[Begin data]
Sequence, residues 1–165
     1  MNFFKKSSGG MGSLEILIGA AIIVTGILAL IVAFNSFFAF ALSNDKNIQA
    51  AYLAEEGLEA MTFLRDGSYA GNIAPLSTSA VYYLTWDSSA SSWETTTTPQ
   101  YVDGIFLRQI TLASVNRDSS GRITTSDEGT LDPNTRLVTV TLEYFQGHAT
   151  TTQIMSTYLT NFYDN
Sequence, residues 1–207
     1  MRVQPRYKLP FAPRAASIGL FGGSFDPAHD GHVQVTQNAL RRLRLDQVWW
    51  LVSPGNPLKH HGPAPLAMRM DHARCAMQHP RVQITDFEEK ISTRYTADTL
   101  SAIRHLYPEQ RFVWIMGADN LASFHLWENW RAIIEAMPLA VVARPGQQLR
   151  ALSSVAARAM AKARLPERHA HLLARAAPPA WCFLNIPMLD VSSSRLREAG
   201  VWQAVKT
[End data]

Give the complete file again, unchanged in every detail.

Sequence, residues 1–165
     1  MNFFKKSSGG MGSLEILIGA AIIVTGILAL IVAFNSFFAF ALSNDKNIQA
    51  AYLAEEGLEA MTFLRDGSYA GNIAPLSTSA VYYLTWDSSA SSWETTTTPQ
   101  YVDGIFLRQI TLASVNRDSS GRITTSDEGT LDPNTRLVTV TLEYFQGHAT
   151  TTQIMSTYLT NFYDN
Sequence, residues 1–207
     1  MRVQPRYKLP FAPRAASIGL FGGSFDPAHD GHVQVTQNAL RRLRLDQVWW
    51  LVSPGNPLKH HGPAPLAMRM DHARCAMQHP RVQITDFEEK ISTRYTADTL
   101  SAIRHLYPEQ RFVWIMGADN LASFHLWENW RAIIEAMPLA VVARPGQQLR
   151  ALSSVAARAM AKARLPERHA HLLARAAPPA WCFLNIPMLD VSSSRLREAG
   201  VWQAVKT